Tuesday Morning News
New schematics of the iPhone 7 corroborate earlier rumours claiming only the Plus form-factor will get a dual-lens camera, with neither model getting a Smart Connector. Those wishing for the camera bump to go away might have to keep wishing a little longer, because even without a dual-lens camera system, the regular-sized iPhone still looks like it’ll get a raised camera bump.
Meanwhile, reports from the supply chain say that orders for the next iPhone are higher than previously predicted. Between 72 and 78 million devices have been ordered by Apple, up on earlier predictions from Wall Street which pegged shipments at 65 million.
A company that makes equipment to build smartphone displays is reporting a four-fold increase in orders, thanks to a “leader in mobile products” ordering a entire year’s worth of equipment in a single quarter. The Verge says this lines up with previous rumours that the company will be moving to OLED-based displays for next year’s iPhone, along with whatever other ground-breaking changes they’ll be making.
The first developer beta of iOS 9.3.3 has been seeded to developers, although there probably won’t be any major changes. By this time it seems likely that Apple will be saving all the big changes for the iOS 10 release, which will probably be unveiled at WWDC this year.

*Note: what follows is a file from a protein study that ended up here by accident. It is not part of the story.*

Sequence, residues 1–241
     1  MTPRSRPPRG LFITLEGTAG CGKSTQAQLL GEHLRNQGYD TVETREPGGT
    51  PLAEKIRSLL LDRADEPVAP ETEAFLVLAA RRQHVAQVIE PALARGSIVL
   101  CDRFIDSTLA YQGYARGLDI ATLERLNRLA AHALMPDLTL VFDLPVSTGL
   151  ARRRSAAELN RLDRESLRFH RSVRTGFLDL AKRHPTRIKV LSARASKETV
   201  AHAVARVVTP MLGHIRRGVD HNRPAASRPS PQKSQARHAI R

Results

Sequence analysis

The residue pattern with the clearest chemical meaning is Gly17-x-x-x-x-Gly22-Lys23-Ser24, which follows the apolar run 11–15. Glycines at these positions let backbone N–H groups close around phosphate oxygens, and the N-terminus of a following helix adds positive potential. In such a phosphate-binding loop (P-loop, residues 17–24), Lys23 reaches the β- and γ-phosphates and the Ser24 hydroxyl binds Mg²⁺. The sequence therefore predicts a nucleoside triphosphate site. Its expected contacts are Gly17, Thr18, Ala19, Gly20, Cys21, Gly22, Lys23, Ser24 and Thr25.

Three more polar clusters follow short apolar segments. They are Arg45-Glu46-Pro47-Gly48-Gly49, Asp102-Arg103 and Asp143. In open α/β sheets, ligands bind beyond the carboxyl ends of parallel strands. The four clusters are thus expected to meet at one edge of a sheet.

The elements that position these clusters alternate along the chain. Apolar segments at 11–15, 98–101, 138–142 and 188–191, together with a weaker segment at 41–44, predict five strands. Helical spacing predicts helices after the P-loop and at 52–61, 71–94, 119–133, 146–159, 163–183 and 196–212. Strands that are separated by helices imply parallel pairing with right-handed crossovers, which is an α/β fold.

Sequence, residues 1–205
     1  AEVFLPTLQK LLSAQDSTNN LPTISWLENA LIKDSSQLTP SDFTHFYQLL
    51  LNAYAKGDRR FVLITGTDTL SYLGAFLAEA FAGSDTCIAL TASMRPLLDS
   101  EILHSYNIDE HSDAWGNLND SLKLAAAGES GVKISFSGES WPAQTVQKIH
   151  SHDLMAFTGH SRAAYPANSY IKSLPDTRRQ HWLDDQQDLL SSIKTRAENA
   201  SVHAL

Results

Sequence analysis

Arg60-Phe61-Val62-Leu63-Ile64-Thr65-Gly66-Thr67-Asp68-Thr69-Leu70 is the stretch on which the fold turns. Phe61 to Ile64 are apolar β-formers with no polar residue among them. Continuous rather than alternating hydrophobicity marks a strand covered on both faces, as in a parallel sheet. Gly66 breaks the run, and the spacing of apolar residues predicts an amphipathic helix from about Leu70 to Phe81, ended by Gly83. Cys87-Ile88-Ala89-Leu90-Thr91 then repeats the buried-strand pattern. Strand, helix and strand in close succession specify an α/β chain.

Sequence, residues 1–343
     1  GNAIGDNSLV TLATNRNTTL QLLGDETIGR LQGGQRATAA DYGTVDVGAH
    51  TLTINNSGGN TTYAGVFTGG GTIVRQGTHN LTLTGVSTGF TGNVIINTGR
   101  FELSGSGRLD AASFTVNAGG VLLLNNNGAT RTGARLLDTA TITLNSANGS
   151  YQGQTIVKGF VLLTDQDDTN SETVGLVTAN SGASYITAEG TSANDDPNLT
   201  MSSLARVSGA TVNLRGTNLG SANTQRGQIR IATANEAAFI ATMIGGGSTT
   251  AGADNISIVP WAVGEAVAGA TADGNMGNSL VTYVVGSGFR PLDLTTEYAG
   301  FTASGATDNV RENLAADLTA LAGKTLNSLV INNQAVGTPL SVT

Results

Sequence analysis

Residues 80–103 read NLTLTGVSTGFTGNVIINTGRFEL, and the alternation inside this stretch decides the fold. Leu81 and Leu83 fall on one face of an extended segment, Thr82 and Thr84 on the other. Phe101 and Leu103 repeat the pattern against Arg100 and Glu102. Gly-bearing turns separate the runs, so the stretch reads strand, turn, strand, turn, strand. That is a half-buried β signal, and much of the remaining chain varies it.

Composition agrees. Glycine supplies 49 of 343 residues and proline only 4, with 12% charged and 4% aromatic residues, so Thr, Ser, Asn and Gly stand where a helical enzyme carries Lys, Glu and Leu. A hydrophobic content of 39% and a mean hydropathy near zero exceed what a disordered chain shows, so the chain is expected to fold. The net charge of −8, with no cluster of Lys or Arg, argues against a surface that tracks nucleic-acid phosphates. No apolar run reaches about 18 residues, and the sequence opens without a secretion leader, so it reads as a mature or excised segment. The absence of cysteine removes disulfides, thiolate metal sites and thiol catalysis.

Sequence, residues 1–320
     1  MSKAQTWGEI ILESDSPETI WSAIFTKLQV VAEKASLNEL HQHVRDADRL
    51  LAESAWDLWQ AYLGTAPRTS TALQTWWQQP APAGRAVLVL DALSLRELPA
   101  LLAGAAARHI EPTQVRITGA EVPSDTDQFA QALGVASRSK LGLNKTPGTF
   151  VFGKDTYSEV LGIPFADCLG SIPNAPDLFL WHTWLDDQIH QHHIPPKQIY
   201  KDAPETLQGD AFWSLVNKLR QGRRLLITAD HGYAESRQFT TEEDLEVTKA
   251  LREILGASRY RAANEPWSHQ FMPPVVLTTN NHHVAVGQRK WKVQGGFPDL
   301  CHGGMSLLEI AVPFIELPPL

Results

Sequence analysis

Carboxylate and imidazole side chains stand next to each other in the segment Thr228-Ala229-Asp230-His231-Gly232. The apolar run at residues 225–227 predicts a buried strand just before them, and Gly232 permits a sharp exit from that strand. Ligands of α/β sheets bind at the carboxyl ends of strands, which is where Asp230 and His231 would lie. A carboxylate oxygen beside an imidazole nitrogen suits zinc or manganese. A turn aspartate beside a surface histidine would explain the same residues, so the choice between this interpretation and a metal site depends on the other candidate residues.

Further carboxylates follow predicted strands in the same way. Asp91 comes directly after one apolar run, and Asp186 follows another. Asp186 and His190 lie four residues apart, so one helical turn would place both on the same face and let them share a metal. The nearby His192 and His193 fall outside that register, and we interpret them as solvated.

New betas of OS X 10.11.6 and tvOS 9.2.2 have also been released by Apple, again with no significant changes worth writing about.
Spotify’s updated Family Plan pricing matches Apple Music and Google Play, offering six streaming seats for US$15. In Australia that price is $18, which is the same as Apple Music’s family plan which also offers six family members access to the all-you-can-eat streaming service.
MacStories has a review of Airmail 3 for the Mac, which launches today. It’s the latest in a long line of Mac email clients with iOS counterparts, and like many before it, Airmail 3 brings many of its iOS paradigms to the Mac to great effect.
Six Colors is reporting recent changes in Skype for Mac making podcasting a tiny bit more difficult than it used to be. The good news is, workarounds such as using Audio Hijack to record Skype audio still work OK, provided you’re capturing audio from Skype and your mic separately.
The Verge writes that Apple and Google are playing catch-up, which can only be a good thing for us consumers. The rivalry between Google’s AI smarts and Apple’s own natural language personal assistant is just heating up, and the only real winner will be the consumers that benefit from increased competition.
A fun list of WWDC guesses from Brent Simmons takes a stab at what Apple might announce on stage. A new Mac Pro? Sure, why not.